by the ancient Persians’ use of the word Devir for a book. He found an isolated biblical
verse that seemed to explain this: in the first perek of Shoftim (1:11), we read that the name
of a place called Devir, near Hevron, was formerly called “Kiryat sefer”. So, now we have
the connection between devir or davar and sefer or book. The biblical word devir, originally
only connected to the physical architecture of the temple, became the much more loaded
rabbinic term that would lead us forward for the subsequent two thousand years and
beyond: the book!


Thus we have the much-noted fact that, in spite of the destruction of the temple, Judaism
itself was not destroyed, as one would expect of a people so invested in the temple cult and
the sacrificial system. Rather, Judaism survived and thrived with a whole new emphasis: the
book. As Rabbi Schorsch puts it, “Judaism survived because it replaced its cult with a
canon.”


Finally, what is the connection between this parsha and Tisha B’Av, which will occur and
always occurs, in the week following parshat devarim? The haftarah we heard today lends
the other name to this week, Shabbat Chazon. The chazon or vision of Isaiah in today’s
haftarah contrasts dramatically with the emphasis on words in the parsha. On one level, the
destruction of the temple was said to be because of the sinat chinam of the Israelites, which
is commonly understood as lashon hara, or evil speech. So, words or devarim are
intimately connected with the destruction we will commemorate this coming week.


But on another level, the words of devarim are contrasted to the vision of Isaiah and in this
version, the words don’t come out on the short end of the stick at all: Devarim’s approach to
G-d is less about vision or spectacle, and more about language: it is more rooted in the
intellect, rather than in the senses. In other books of the Torah, for example, in sefer
shemot, the vision is the central theme. The people see miracles performed on their behalf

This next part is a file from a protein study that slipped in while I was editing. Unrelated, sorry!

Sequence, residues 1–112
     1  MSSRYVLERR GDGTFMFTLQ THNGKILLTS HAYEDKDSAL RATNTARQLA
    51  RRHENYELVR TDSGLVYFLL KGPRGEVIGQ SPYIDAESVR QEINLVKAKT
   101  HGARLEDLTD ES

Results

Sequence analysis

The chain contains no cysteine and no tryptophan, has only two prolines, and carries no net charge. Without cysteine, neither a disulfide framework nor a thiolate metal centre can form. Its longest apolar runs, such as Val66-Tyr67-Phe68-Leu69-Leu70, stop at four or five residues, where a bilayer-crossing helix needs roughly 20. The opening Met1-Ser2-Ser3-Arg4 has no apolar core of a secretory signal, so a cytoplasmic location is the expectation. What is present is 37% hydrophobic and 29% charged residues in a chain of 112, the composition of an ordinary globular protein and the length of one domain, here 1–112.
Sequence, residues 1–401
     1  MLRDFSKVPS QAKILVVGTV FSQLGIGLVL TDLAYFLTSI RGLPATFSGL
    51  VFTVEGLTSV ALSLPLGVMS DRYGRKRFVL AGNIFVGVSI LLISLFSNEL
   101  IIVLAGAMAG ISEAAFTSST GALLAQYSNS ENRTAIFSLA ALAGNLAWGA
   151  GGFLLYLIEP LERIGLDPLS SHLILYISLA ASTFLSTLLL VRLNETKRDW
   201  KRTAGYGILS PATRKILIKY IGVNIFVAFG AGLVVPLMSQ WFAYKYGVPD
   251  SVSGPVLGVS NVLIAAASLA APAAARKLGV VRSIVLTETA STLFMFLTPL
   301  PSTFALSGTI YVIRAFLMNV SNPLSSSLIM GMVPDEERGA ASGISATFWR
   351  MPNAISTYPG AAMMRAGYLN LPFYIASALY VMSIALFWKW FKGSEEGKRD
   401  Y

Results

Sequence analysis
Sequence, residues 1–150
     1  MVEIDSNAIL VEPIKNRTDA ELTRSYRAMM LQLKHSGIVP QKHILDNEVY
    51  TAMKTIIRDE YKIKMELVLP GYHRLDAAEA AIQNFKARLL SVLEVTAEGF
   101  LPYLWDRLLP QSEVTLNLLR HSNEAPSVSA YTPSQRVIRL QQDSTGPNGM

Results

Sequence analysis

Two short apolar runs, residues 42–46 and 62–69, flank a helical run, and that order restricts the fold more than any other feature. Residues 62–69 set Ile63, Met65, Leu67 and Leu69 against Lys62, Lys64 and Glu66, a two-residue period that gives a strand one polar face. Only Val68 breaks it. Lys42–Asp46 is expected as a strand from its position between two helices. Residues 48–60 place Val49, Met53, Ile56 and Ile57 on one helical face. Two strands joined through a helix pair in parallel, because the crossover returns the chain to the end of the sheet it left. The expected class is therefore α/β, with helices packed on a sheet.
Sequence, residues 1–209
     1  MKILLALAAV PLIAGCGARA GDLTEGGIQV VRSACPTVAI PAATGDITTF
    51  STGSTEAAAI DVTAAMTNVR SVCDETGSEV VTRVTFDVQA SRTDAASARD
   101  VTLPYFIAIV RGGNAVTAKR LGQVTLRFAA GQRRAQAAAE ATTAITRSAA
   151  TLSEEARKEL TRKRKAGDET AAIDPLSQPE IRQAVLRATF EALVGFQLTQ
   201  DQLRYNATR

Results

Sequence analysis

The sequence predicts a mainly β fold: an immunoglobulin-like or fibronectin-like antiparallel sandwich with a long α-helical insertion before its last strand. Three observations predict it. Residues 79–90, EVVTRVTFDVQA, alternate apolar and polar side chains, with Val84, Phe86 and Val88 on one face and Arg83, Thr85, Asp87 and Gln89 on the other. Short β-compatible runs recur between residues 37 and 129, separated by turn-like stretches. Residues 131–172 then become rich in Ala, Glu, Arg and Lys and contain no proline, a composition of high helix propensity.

again and again. The sight of the cloud and fire of G-d guiding them toward the Red Sea,
and the senses of taste and smell as they offer their pesach sacrifice, the terrifying sound of
the thunder at Sinai, all these make the Israelites in the book of shemot physically aware,
with their vision and all of their senses, of G-d’s presence. The ten plagues are perhaps the
best example of this visible physicality of G-d for the Jewish people.


But in the book of devarim, those sights, sounds, smells and tastes are all in the past and
the words or the re-telling of the story is what the Israelites at this point have left. This is
lucky for us, because we also weren’t around to see the spectacle, with the sense of wonder
and feeling of “being there” that the original Israelites felt. We often feel so far removed from
our ancestors in the stories told in the Torah, as if we are the only ones who have to
cultivate our imaginations to feel close to God. But today’s parsha reminds us that we are
not the first ones to be without the physical aspect of God: we have the original example of
our ancestors, the Israelites who are about to cross over the Jordan into the land of Israel.
They had to listen to Moshe’s words in order to understand the story, and so do we. Like
the Israelites about to cross into the land, we listen to Moshe as he recounts our dramatic
history and describes our relationship with God, the words, the devarim that convey that
story, and we can be inspired by them.


Shabbat shalom.